Now, after all of that personal stuff let me bring this back around to my point. I believe that one of the things Paul was telling us in 1 Corinthians 13 was that when we pray in the Spirit or are used in the spiritual gift of tongues, we may be speaking either an earthly language or a heavenly one or a mixture of both. The only real “rule” if you can call it that, is that the language is unknown to the speaker and those being spoken too. In my case the language I was speaking was at very least a mixture of Aramaic and Russian – both of which were not known or spoken by myself either then or now.

Next week we will continue the series picking back up with the two scriptural confirmations to the Spirit being given at Cornelius’ house – both of which offer us further insights into this truth.



Hi my name is Mark and though I am opposed to titles, I am currently the only Pastor (shepherd/elder) serving our assembly right now.

I have been Pastoring in one capacity or another for nearly 30 years now, though never quite like I am today.

Early in 2009 the Lord revealed to me that the way we had structured our assembly (church) was not scriptural in that it was out of sync with what Paul modeled for us in the New Testament. In truth, I (like many pastors I am sure) never even gave this fundamental issue of church structure the first thought. I had always assumed that church structure was largely the same everywhere and had been so from the beginning. While I knew Paul had some very stringent things to say about the local assembly of believers, the point of our gatherings together and who may or may not lead, I never even considered studying these issues but assumed we were all pretty much doing it in numbers right?! Boy, I couldn't have been more wrong!

So needless to say, my discovery that we had been doing it wrong for nearly two decades was a bit of a shock to me! Now, this "revelation" did not come about all at once but over the course of a few weeks. We were a traditional single pastor led congregation. It was a top-bottom model of ministry which is in part biblical, but not in the form of a monarchy.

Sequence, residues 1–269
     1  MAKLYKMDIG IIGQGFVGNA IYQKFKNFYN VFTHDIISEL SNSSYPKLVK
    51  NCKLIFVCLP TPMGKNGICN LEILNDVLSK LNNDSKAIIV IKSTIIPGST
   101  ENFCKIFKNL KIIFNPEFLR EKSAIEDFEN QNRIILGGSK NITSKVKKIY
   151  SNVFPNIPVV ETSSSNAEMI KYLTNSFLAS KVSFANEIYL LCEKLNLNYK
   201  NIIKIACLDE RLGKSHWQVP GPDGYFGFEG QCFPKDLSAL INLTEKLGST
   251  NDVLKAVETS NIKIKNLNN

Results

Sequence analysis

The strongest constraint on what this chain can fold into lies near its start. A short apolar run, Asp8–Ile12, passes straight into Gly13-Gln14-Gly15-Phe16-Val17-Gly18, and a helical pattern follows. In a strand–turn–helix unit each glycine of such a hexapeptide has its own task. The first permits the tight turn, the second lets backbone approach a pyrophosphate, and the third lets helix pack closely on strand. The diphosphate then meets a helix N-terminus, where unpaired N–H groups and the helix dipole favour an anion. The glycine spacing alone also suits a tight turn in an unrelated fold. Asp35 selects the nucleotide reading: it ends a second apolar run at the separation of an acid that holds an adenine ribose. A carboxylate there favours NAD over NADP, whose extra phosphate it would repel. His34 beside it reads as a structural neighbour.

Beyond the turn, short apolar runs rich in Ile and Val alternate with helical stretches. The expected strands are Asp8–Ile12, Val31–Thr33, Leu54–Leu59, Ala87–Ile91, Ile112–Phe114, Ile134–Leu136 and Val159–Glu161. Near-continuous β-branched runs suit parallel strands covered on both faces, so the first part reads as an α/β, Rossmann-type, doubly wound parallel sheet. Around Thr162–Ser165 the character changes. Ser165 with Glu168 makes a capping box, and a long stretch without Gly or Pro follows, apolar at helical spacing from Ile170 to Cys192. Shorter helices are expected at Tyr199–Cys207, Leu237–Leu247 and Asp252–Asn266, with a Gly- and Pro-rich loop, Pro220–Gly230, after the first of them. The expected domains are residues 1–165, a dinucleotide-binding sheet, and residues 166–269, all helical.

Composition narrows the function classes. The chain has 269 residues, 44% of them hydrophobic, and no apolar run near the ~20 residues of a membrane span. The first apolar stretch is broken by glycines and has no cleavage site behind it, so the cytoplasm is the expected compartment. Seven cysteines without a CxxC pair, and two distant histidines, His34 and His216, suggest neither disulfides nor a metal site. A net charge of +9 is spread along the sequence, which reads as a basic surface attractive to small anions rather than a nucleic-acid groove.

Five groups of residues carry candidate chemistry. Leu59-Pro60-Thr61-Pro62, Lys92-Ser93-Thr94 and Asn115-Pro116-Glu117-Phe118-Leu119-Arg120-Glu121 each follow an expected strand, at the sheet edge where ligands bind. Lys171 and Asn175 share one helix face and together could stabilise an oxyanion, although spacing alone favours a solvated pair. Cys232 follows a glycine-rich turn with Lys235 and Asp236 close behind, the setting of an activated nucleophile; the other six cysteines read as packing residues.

The needed change did not come into focus until following 9 very intense months of study and discussions with those who were leaders in our church at the time.

We now understand and believe that the Bible teaches co-leadership with equal authority in each local assembly. Having multiple shepherds with God's heart and equal authority protects both Shepherds and sheep. Equal accountability keeps authority and doctrine in check. Multiple shepherds also provide teaching with various styles and giftings with leadership skills which are both different and complementary.

For a while we had two co-pastors (elders) (myself and one other man) who led the church with equal authority, but different giftings. We both taught in our own ways and styles, and our leadership skills were quite different, but complimentary. We were in complete submission to each other and worked side-by-side in the labor of shepherding the flock.

Our other Pastor has since moved on to other ministry which has left us with just myself. While we currently only have one Pastor/Elder, it is our desire that God, in His faithfulness and timing, may bring us more as we grow in maturity and even in numbers.

As to my home, I have been married since 1995 to my wonderful wife Terissa Woodson who is my closest friend and most trusted ally.

As far as my education goes, I grew up in a Christian home, but questioned everything I was ever taught.

I graduated from Bible college in 1990 and continued to question everything I was ever taught (I do not mention my college in order to avoid being labeled).

Perhaps my greatest preparation for ministry has been life and ministry itself. To quote an author I have come to enjoy namely Fredrick Buechner in his writing entitled, Now and Then, "If God speaks to us at all other than through such official channels as the Bible and the church, then I think that He speaks to us largely through what happens to us...if we keep our hearts open as well as our ears, if we listen with patience and hope, if we remember at all deeply and honestly, then I think we come to recognize beyond all doubt, that, however faintly we may hear Him, He is indeed speaking to us, and that, however little we may understand of it, His word to each of us is both recoverable and precious beyond telling." ~ Fredrick Buechner

Well that is about all there is of interest to tell you about me.

I hope our ministry here is a blessing to you and your family. I also hope that it is only a supplement to a local church where you are committed to other believers in a community of grace.

~God Bless!